The Case of General Ople and Lady Camper
Elizabeth commended his appearance, 'passed him,' as he would have said; and well she might, for his hat, surtout, trousers and boots, were worthy of an introduction to Royalty. A touch of scarlet silk round the neck gave him bloom, and better than that, the blooming consciousness of it.
'You are not to be nervous, papa,' Elizabeth said.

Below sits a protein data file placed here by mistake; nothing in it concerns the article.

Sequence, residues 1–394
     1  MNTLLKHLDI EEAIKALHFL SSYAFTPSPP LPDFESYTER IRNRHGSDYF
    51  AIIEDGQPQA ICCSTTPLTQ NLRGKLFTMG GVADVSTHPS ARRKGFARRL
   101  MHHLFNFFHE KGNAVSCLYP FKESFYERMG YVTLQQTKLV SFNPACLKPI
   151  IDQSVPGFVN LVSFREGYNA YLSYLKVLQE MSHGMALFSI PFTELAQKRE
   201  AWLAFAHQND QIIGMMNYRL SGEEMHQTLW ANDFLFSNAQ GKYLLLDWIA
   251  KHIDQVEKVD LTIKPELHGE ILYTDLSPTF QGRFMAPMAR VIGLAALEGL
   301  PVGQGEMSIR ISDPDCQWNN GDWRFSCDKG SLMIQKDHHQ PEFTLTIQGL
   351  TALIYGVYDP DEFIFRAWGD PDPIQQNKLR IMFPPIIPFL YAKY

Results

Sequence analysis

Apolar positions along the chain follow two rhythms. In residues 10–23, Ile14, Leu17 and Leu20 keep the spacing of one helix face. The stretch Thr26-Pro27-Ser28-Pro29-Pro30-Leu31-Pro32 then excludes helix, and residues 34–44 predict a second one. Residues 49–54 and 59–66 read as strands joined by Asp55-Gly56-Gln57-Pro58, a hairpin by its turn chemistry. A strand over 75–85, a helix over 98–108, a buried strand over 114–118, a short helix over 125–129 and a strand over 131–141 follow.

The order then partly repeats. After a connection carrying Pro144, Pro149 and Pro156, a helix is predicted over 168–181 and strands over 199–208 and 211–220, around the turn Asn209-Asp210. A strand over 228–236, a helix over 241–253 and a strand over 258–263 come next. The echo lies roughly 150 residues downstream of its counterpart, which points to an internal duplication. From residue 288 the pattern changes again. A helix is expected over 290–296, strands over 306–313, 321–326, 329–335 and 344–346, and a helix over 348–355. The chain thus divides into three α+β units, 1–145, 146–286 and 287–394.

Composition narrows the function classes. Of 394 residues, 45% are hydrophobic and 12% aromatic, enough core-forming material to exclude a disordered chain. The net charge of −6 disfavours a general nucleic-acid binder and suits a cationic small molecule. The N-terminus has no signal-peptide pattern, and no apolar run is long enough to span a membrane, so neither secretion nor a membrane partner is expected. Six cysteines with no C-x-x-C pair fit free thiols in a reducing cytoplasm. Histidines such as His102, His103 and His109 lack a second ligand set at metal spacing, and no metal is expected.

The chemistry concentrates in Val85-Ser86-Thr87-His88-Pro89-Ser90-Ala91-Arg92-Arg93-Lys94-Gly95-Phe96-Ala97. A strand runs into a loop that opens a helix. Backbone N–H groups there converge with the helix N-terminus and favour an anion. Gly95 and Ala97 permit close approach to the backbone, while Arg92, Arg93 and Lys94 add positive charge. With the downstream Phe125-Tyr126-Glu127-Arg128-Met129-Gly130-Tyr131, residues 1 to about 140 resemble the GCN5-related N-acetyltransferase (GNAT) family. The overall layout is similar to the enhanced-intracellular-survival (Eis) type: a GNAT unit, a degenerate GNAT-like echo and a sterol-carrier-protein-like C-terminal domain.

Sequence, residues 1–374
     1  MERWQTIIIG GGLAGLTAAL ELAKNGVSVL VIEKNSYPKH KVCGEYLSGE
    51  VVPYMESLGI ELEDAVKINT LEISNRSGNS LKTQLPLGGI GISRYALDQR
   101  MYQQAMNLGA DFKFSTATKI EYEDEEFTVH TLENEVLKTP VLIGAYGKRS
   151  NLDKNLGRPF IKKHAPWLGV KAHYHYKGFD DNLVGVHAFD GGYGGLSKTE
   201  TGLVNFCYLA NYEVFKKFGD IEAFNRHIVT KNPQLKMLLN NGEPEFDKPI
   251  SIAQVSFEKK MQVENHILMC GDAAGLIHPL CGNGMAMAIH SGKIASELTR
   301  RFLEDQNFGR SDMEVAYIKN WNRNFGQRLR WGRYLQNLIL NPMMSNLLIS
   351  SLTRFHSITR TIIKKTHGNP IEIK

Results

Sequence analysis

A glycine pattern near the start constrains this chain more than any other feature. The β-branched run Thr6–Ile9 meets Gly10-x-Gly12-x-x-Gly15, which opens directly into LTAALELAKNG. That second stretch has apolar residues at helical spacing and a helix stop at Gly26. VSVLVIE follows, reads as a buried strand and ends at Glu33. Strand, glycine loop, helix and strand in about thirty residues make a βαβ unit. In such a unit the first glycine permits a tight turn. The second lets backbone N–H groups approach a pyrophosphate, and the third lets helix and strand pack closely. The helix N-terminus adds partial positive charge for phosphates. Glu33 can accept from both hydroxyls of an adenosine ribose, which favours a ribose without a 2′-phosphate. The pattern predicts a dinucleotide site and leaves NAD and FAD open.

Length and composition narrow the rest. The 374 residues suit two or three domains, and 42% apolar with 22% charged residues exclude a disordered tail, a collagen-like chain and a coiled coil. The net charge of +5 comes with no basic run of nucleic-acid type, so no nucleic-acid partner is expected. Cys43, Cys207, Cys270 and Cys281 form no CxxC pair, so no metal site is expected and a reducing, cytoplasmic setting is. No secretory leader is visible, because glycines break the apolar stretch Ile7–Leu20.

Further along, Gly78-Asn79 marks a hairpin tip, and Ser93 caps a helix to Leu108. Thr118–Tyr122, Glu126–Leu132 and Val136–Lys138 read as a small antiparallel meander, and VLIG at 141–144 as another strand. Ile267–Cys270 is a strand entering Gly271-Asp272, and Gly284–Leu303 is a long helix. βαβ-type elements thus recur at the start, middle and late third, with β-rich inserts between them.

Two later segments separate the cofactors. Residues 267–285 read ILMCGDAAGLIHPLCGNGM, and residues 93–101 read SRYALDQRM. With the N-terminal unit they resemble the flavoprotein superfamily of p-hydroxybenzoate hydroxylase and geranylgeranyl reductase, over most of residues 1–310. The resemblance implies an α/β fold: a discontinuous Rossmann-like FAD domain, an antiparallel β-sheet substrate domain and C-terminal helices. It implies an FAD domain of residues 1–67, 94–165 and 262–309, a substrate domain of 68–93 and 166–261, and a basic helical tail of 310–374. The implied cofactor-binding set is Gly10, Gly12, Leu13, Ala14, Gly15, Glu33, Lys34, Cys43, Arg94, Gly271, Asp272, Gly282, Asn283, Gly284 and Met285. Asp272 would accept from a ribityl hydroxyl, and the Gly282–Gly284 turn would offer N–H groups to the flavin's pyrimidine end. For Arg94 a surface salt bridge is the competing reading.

'Not at all,' replied the General. 'I say, not at all, my dear,' he repeated, and so betrayed that he had fallen into the nervous mood. 'I was saying, I have known worse mornings than this.' He turned to her and smiled brightly, nodded, and set his face to meet the future.
He was absent an hour and a half.
He came back with his radiance a little subdued, by no means eclipsed; as, when experience has afforded us matter for thought, we cease to shine dazzlingly, yet are not clouded; the rays have merely grown serener. The sum of his impressions was co